5. Keep it real. Don’t pressure learners to say something they don’t want to say, or to behave in way that’s not reflective of who they are. A classroom should be a learning laboratory, not a first dinner with the in-laws — or a job interview — where everyone uses their most restrained behavior. Learners need room to struggle and grow — and be authentic.
  6. Listen for, and address, struggles you see in the classroom. Not all learners are going to pull you aside and let you know that they are struggling. Not all learners will resist vocally. Be on the lookout for uncomfortable body language — and listen in on group work to spot people who are having a harder time. Where necessary, take a struggling learner aside and discuss ways to modify the activity to suit their learning needs. Be prepared to listen — and don’t try to be a psychotherapist. Invite them to participate — and accept it if they decline to do so. I admit this kind of side discussion is difficult if you have a large group of learners.
  7. Know thy learners! It’s always a good idea to survey your learners ahead of time, as part of the registration process. My friend and colleague Erin Neff observes:

    “The instructor could have also done a pre-course survey to get a sense of how best the students would learn so the instructor could target certain activities to that class. I assume the instructor does not have the luxury of polling the class in advance so the better option is to have several tricks in the bag and to be able to offer up those tricks to get at the learning objectives.”

What could the instructional designers have done to help learners like Deb?
  1. Leave room for the learner’s experience. When designing role plays, leave open the option for learners to come up with their own scenarios, and to paraphrase any script they’re given. Offer (and define) key words and useful phrases, rather than dictating whole sentences. Tracy Schiffmann says: 

    “The adult learning literature demonstrates that participant-generated scenarios are better for not only engagement but also for transferability of learning to novel situations. Had participants been able to generate their own scenarios, the issue of relevance might have been better met.”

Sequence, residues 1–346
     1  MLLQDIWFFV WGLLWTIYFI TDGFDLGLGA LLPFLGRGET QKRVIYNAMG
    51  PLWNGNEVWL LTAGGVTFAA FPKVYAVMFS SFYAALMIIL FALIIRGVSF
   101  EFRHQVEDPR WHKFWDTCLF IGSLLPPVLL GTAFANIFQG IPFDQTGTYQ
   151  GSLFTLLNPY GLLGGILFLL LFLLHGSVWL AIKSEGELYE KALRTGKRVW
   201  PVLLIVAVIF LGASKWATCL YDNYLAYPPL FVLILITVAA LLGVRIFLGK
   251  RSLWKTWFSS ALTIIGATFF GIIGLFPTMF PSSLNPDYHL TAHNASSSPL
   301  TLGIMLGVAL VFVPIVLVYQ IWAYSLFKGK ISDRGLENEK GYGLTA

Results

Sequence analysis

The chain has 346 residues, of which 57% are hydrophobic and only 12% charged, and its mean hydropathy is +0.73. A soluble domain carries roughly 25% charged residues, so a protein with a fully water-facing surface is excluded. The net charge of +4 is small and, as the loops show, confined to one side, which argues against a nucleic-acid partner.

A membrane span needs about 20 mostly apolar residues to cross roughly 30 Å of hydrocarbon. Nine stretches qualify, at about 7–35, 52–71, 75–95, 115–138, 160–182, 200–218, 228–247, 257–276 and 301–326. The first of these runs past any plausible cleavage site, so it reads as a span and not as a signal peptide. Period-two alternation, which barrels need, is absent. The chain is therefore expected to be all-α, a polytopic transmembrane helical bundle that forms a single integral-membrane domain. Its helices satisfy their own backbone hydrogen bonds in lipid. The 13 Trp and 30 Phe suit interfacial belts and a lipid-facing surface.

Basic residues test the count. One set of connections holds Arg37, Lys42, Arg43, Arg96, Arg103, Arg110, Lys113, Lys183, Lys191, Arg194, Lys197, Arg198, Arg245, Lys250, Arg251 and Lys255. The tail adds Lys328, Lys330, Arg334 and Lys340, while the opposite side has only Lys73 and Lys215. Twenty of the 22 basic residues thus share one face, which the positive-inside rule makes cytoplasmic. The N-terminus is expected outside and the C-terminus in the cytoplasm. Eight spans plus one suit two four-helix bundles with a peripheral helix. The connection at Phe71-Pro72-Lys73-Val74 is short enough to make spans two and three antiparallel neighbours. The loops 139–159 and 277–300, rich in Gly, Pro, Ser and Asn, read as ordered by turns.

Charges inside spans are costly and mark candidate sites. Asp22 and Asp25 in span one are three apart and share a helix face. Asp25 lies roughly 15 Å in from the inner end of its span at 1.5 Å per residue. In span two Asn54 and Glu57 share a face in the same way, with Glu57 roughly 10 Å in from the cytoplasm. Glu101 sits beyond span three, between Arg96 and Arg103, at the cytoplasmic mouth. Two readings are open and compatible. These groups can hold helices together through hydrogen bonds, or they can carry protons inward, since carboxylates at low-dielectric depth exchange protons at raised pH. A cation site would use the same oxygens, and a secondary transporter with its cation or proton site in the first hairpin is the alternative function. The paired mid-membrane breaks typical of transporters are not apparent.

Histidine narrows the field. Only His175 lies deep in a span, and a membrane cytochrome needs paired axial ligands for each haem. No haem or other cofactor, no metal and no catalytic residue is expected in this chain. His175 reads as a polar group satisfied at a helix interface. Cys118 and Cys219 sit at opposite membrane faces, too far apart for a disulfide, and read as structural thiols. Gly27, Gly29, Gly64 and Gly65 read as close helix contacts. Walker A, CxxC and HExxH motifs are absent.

2. Let learners act on their strengths. When designing any kind of small group activity that includes a teach back or presentation, give the small groups a variety of roles — including roles that need to speak to the big group, and roles that do not (such as small group facilitator, recorder, flip chart writer, etc.)
  3. Offer more options! The course designer/developer might vary the learning activities during the two-day program. Erin Neff says:

    “A better approach would have been to have options so the learners could select a way that would work for them. I also can’t speak to the purpose of this strict script and what were the objectives of the class. Regardless, I am sure there were many people who experienced something similar as did Deb and shut down to learning at some point. No one wins in that case.

    The instructional designer could have made the event more useful by having a variety of activities in which the learners had the opportunity to absorb the information effectively, whether they are introverted, extroverted, learn by doing, seeing, or hearing. It sounds like I expect a utopia but it is not impossible.”

Finally, what can learners do to help themselves?
  1. Communicate your needs ahead of time. Ahead of the training, be in touch with the instructor, if possible, and let them know what your specific needs are. Ask them what type of activities the workshop will rely on, and ask them what the goals and outcomes of the course are. Try to figure out why you are going (if your boss asked you to go), what you’re supposed to get out of the training, and come up with your own personal learning goals. Of course it would be nice if the trainer surveyed you and other participants ahead of time.
  2. Stay upbeat. If at all possible, maintain a positive attitude during the workshop.
  3. Communicate your needs during the training. If necessary, speak to the instructor during the workshop to let them know that you are struggling.  Erin Neff says:

    “Another idea could be to approach the instructor during a break to explain the challenges she was facing and that she was having a hard time learning the material in that environment.”